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Corneal neovascularization - External and Internal Eye
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Corneal neovascularization - External and Internal Eye

Contributors: Brandon D. Ayres MD, Christopher Rapuano MD, Harvey A. Brown MD, Sunir J. Garg MD, Lauren Patty Daskivich MD, MSHS
Other Resources UpToDate PubMed


Neovascularization of the cornea, also called corneal pannus, is the growth of blood vessels from the limbus into the cornea. The blood vessels can be very superficial or deep in the corneal stroma. Corneal pannus is often divided into 2 classes: micropannus, which denotes vascular ingrowth of 2 mm or less and macropannus, which is ingrowth of greater than 2 mm. Neovascularization of the cornea is a nonspecific sign of ocular inflammation. Often, the inflammation is sub-clinical and patients will not be aware of the vascularization, nor will they have any visual complaints. Contact lens wear and eyelid inflammation (blepharitis) are classically associated with asymptomatic pannus formation. More obvious causes of inflammation and corneal neovascularization include corneal ulcers, traumatic corneal scars, and atopic keratoconjunctivitis. Though the blood vessels are nonspecific, they do indicate a chronicity of inflammation as blood vessels do not migrate into the cornea acutely.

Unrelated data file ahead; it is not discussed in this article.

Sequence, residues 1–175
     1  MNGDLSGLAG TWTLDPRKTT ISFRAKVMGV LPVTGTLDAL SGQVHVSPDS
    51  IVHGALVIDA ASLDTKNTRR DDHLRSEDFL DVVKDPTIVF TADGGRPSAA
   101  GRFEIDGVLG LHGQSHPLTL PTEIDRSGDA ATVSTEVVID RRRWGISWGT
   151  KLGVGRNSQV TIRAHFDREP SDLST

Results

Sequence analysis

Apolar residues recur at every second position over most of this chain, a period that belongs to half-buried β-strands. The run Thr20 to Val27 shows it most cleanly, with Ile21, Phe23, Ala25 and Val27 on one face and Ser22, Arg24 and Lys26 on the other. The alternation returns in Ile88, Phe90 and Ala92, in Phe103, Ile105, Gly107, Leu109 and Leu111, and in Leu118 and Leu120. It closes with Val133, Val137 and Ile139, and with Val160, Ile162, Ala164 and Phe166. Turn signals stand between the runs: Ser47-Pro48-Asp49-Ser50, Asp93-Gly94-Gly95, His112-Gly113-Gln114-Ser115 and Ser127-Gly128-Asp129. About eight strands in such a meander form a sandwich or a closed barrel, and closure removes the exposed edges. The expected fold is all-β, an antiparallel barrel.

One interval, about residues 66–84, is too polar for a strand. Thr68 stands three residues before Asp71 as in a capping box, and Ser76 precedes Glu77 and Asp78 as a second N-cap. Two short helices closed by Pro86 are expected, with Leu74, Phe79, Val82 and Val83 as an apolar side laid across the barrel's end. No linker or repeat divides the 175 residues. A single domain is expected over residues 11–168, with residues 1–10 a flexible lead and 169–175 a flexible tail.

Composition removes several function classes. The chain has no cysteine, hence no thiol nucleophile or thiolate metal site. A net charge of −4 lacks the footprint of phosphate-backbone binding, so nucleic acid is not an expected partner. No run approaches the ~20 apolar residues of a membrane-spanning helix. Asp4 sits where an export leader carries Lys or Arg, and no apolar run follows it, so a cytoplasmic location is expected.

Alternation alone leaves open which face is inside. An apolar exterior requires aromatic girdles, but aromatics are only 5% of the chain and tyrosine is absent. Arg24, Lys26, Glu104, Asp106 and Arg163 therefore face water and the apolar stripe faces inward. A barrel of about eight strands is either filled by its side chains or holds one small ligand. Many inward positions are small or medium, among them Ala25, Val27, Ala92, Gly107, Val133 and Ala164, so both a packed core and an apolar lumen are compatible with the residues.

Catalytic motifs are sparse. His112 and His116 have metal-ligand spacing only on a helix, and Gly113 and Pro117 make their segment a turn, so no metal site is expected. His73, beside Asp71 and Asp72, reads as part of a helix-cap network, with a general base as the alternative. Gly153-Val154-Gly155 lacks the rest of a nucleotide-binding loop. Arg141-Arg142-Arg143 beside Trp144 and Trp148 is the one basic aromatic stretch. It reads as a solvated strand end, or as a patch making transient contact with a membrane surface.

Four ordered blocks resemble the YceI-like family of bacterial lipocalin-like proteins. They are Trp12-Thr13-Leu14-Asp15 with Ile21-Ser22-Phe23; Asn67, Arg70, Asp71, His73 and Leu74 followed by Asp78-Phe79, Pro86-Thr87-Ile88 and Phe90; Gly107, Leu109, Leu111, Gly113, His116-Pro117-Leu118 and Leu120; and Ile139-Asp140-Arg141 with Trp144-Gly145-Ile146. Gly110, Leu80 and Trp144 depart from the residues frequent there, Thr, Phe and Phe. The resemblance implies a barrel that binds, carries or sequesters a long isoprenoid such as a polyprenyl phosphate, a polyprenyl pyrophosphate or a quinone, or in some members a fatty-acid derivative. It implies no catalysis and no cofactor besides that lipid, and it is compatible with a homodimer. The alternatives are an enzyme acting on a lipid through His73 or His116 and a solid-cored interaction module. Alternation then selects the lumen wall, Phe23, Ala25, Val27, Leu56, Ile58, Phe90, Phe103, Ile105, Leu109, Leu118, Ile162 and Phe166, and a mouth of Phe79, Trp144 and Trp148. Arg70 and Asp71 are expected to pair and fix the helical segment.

H16.409 – Unspecified corneal neovascularization, unspecified eye

246925003 – Vascularization of cornea

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Differential Diagnosis & Pitfalls

The differential diagnosis and causes of corneal neovascularization is too long to list in its entirety. The following list is a starting point and includes the most common causes.

  • Contact lens wear
  • Corneal ulcers (Bacterial corneal ulcer, fFungal corneal ulcer, and Acanthamoeba keratitis)
  • Blepharitis
  • Corneal chemical burn
  • Infectious Interstitial keratitis
  • Herpes simplex virus keratitis
  • Herpes zoster ophthalmicus
  • Ocular pterygium
  • Limbal stem cell deficiency
  • Marginal keratitis
  • Peripheral ulcerative keratitis
  • Surgical trauma
  • Keratoconjunctivitis sicca syndrome
  • Phlyctenular disease
  • Viral keratitis (Lyme keratitis, Epstein-Barr virus infection)

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Last Updated:07/01/2019
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Corneal neovascularization - External and Internal Eye
A medical illustration showing key findings of Corneal neovascularization : Blurred vision, Photophobia, Vision loss, Conjunctival injection
Clinical image of Corneal neovascularization - imageId=3089395. Click to open in gallery.
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